SAN DIEGO -- Timely hitting, solid defense, efficient starting pitching and a lockdown bullpen -- what more can a big league club ask for?
The Milwaukee Brewers have put on a clinic on how to win ballgames during their current winning streak, which they extended to nine games on Tuesday night with a 6-3 victory over the Padres.
The Brewers were again solid in all phases of the game, using a five-run second inning and a quality start by Yovani Gallardo to propel the club to its longest winning streak since it won 10 straight in August 2003.
"Pitching has been really good," said Brewers manager Ron Roenicke, who was ejected in the fifth inning for arguing a check-swing call. "We're scoring early, then they're holding on. The bullpen's unbelievable. All I see is zeroes. Every time they come in, they throw up zeroes. That's why we're winning."
After falling behind in the first, Milwaukee batted around in the second, banging out six hits that scored five runs. Yuniesky Betancourt's two-run single gave the Brewers a 3-2 lead, and catcher Jonathan Lucroy's bases-loaded double brought home two more for a 6-2 lead and knocked Padres starter Clayton Richard out of the game after just 1 2/3 innings.
Gallardo struggled a bit with his command early. But he managed to settle down and toss his second quality start in a row, allowing three runs on eight hits over 6 2/3 innings.
"I don't know why he's out of whack like he is," Roenicke said. "The good thing is, if he can keep us in ballgames and win ballgames when he's struggling, it's going to be a nice thing when he gets it going."
Gallardo only managed 58 strikes over 108 pitches, but was aided yet again by some top-notch defense. Shortstop Jean Segura made a couple very difficult plays -- one a double play on a line drive, one on a backhand in the hole -- and first baseman Alex Gonzalez turned an important double play early on.
"You look behind you, and all the guys are making those great plays -- It motivates you," Gallardo said. "If you have everybody behind you, it motivates you even more to just keep battling."
The veteran right-hander ran into trouble in the seventh, loading the bases on three consecutive two-out walks. But the bullpen saved the day once again as left-hander Tom Gorzelanny came on and struck out Yonder Alonso on three consecutive sliders to end the threat.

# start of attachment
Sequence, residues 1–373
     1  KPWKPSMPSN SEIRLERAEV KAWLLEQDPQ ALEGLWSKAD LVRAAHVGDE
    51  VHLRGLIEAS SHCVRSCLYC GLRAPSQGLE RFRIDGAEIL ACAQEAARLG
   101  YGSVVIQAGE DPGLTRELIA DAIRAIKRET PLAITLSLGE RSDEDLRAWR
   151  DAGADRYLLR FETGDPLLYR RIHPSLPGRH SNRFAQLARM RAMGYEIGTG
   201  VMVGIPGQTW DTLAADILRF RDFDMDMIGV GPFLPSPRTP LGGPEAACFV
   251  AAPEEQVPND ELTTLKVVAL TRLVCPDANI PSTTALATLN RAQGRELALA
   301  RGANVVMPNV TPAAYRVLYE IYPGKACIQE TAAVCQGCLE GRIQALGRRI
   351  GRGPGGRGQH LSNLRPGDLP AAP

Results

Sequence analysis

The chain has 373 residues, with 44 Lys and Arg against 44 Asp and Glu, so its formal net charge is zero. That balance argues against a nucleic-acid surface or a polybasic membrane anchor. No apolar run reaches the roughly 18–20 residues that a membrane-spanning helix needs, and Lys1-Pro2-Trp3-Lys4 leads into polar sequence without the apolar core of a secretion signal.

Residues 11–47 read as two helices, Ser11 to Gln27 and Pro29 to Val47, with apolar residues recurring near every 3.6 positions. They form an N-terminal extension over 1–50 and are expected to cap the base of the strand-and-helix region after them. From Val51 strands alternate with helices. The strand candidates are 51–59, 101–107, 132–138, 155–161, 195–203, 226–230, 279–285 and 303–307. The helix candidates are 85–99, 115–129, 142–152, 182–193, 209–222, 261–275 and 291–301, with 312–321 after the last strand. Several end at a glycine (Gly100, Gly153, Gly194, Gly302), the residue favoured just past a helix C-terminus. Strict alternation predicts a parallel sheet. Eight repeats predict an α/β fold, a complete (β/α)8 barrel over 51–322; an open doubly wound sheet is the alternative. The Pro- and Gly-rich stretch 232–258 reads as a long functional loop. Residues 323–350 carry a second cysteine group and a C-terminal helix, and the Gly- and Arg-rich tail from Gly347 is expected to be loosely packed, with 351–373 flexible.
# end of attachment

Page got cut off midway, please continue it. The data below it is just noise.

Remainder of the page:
John Axford and Jim Henderson followed with a scoreless frame apiece, as the Brewers bullpen has now allowed just four runs in its last 33 1/3 innings.
"We're a close group down there, and that's a good thing," said Axford, who cited a mechanical adjustment as the key to his six-outing scoreless streak, which followed a stretch of nine earned runs over 3 2/3 innings. "We're all just feeding off each other, we're all rooting for each other, and that's the biggest thing."
The Brewers jumped out to a 1-0 lead in the first when Ryan Braun's RBI groundout plated Segura, who had tripled. The Padres quickly responded, taking what would be their only lead of the night on back-to-back RBI singles from Carlos Quentin and Alonso.
But Milwaukee struck for five in the second inning and wouldn't look back from there.
The only blip on an otherwise calm night for Milwaukee was Roenicke's ejection. It appeared Padres third baseman Chase Headley went around on a check swing, but third-base umpire Clint Fagan and home-plate ump Gary Darling didn't think so. When Roenicke objected from his spot at the top step of the dugout, Darling tossed him.
After the game, Roenicke voiced his displeasure at being ejected. But things are going so well right now for his club, he was light-hearted about that, too, saying at least he got to watch his lights-out bullpen from a better angle -- on the manager's office flat screen.
Given the way the Brewers have been playing, there's not much Roenicke can complain about.